Infernal Affairs is the story of two men: one who is a deeply undercover cop working under a gang leader and one who is the exact opposite—a man who is a mole for the same gang, working in the police force. They are both given the same task: they are to find the traitor in their ranks and deal with him. Whoever finds the other first, will undoubtedly win, and as the film itself notes, whoever loses, dies.
From here on out begins a tale of espionage, centering on these two characters. The film starts at fast pace and continues to build, with violence always looming overhead. In a tale of false identities, it is critical that the actors do their job as well as they do. Tony Leung, known for Hero and In the Mood for Love, plays the part of Yan, the undercover cop. Andy Lau (separate from the director, Andrew Lau), known for House of Flying Daggers and The Warlords, plays the part of the gang mole, Ming Lau. Their actual dialogue tends to show very little of what they actually think, as most of it is in their roles. For example, toward the start of the film, we see the police trying to bust the gang for drugs. Both of the main characters are working for their respective sides and neither is in a position for much dialogue. And yet, this is one of the more telling scenes, as they show who they’ve become as adults outside of training. Almost no words are exchanged during this scene. However, it is precisely through their non-verbal acting and careful words that we see who they are. Though we know who they supposedly are at the start of the film, the question of identity remains throughout the film, and if you think you’ve got these characters figured out, then you had better finish the film.
While Infernal Affairs does deal with gangs and police forces and has a lot of violence, it takes much more after a film like Goodfellas, rather than The Godfather. A danger of many films in the gangster genre is the idea of glorifying this underworld, which Infernal Affairs does a good job of avoiding. Instead of working within the underworld and making some of them seem like heroes, Infernal Affairs shows the kind of ambiguity that we see in Goodfellas, where the world is incredibly harsh, yet far from black and white. Henry Hill and Jimmy Conways’ characters from Goodfellas are much closer to those in Infernal Affairs than those of Michael and Sonny Corleone in The Godfather. Yet Infernal Affairs never takes the perspective of a character like Henry Hill’s in Goodfellas. And as there is no inner monologue, our access to these characters is done purely through how the actors themselves show these characters on camera.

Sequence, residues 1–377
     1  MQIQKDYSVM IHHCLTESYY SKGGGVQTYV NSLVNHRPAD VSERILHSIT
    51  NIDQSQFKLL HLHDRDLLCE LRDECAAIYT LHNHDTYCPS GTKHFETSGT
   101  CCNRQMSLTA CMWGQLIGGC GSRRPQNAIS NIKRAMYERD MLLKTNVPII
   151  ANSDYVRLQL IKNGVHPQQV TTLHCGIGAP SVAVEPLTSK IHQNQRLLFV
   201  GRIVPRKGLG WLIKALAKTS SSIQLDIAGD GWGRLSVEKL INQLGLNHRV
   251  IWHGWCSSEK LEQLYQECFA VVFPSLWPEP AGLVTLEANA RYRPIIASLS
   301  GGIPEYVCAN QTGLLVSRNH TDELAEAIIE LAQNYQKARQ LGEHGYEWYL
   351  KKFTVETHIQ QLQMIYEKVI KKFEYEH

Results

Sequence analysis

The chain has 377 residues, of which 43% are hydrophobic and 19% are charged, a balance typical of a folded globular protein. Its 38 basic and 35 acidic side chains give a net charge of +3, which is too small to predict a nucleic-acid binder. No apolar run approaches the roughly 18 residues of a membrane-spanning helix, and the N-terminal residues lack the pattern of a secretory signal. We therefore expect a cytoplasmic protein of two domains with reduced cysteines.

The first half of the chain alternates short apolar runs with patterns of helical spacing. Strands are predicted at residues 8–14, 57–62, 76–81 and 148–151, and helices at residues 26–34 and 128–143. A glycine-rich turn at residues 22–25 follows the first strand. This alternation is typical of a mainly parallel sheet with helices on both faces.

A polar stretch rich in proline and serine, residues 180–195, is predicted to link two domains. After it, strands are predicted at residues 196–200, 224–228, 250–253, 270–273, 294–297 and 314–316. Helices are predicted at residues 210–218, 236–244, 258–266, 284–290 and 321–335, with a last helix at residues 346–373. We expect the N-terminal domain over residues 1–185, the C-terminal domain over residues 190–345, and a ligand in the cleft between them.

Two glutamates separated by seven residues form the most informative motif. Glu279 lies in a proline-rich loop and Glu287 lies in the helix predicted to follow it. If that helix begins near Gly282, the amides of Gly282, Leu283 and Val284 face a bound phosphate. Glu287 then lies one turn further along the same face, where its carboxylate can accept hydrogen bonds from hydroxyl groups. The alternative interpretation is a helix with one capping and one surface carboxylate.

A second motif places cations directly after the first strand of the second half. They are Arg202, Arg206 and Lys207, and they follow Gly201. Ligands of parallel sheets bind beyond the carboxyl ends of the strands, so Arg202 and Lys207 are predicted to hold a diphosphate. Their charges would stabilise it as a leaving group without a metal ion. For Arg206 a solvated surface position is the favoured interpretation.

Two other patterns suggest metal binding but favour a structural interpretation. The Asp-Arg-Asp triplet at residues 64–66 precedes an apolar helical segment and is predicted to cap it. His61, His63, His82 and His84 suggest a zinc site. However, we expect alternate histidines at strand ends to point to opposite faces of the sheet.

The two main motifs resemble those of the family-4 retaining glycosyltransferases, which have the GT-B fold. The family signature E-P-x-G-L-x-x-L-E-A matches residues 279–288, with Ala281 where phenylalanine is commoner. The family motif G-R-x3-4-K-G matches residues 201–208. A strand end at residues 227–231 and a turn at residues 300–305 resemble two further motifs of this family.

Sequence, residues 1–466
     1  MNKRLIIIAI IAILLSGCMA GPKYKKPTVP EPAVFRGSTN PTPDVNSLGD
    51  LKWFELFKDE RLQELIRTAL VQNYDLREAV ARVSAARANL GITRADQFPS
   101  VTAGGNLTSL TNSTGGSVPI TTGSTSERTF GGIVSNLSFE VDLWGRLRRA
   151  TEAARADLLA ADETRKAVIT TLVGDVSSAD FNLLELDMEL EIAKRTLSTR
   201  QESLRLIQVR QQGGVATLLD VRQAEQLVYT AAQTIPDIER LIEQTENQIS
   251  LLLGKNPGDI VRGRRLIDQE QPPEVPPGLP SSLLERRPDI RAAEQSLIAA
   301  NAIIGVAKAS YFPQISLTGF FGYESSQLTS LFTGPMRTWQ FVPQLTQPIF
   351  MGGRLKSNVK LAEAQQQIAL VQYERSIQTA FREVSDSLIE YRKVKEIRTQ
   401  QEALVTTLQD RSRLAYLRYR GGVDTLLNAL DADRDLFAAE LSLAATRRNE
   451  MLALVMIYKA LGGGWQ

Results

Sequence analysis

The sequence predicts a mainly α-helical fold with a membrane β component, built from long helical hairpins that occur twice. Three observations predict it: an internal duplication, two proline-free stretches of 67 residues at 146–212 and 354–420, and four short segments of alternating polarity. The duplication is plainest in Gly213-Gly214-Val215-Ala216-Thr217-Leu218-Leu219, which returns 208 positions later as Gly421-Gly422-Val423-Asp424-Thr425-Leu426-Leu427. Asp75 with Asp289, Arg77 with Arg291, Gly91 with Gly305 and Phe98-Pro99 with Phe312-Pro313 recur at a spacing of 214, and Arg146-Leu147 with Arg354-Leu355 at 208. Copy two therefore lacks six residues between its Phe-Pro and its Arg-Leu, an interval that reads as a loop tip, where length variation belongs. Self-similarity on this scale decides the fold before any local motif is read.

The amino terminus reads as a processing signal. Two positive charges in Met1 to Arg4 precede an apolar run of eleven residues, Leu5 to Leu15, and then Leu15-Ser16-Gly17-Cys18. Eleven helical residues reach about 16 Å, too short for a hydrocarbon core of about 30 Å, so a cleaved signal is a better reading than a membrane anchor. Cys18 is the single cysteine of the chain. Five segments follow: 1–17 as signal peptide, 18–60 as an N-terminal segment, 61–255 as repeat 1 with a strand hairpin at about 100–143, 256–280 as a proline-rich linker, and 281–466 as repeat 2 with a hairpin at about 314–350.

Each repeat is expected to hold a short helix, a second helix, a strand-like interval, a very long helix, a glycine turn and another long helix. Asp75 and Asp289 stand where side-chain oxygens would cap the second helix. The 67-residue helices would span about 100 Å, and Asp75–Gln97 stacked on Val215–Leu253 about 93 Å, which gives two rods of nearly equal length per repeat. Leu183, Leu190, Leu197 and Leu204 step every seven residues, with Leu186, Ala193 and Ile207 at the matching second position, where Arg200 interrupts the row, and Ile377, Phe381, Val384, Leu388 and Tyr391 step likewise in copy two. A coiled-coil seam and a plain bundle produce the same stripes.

Of course, the actors alone do not make the film. A good actor will never reach his or her full potential without good direction. In the case of Infernal Affairs, there are two directors: Andrew Lau and Alan Mak, both of whom are now known for the Infernal Affairs movies in particular. However, Andrew Lau has done extensive work as a cinematographer and photographer, and Alan Mak was a relatively new director at the time, who also has received credits on the Academy Award-Winning adaptation of Infernal Affairs, The Departed. Their combined efforts yielded a strongly directed and beautifully shot film.